The Deployed AF JAG Experience

October 28, 2009

Whether they ask it up front or wait for a strategic moment to drop the burning question, all JAG candidates want to know how soon they might expect to deploy and what deployment is like.  As far as how soon, the easy answer:  It depends.  Your mom won’t like that answer, but a lot depends on what service you’re looking at as well as where you end up stationed.  As for the Air Force, I heard I would have at least a couple years before I got my boots dirty.  I ended up at a base that fills a number of deployment slots, so I beat that estimate by a few months.   No big deal.  It’s different for everyone.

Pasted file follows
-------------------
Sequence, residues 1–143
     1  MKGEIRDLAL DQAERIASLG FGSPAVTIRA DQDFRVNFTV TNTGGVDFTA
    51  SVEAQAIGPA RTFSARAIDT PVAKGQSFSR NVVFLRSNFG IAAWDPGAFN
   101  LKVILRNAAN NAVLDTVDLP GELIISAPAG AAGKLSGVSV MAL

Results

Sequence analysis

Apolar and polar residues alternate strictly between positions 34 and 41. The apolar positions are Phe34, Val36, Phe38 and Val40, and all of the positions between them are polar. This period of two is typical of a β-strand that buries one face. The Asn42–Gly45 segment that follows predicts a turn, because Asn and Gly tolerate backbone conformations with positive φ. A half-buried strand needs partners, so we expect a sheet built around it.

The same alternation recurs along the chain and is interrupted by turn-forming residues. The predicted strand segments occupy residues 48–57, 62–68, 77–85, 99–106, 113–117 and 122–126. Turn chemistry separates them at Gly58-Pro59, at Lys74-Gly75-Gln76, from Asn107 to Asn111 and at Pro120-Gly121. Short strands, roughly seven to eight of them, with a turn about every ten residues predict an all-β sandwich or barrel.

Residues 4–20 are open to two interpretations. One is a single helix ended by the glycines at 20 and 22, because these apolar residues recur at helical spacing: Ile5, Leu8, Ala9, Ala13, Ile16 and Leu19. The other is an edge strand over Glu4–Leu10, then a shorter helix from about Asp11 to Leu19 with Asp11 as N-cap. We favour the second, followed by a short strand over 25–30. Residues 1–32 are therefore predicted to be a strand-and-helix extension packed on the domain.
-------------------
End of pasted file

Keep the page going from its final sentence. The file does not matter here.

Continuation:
As far as what it’s like to spend a summer in the scorching-hot Middle East, here’s an inside look from a friend of mine in the Air Force who wrote about his recent experience as a deployed JAG in Iraq.  And yes,  riding in MRAP (Mine Resistant Ambush Protected) vehicles is lots of fun.

Knockout Trial Lawyer Tips

October 27, 2009

Tbj_jury1This month’s edition of ABA e-News had an interesting interview with seasoned trial strategist, G. Christopher Ritter.  He provided some keys for successful navigation of the world of jury trials (“members” in the military), something that JAGs usually get to experience early on in their careers.  Here are the main points:

  • The trial lawyer’s main job is to EDUCATE the jury.  The jury needs to understand what’s going on in the courtroom and with the case.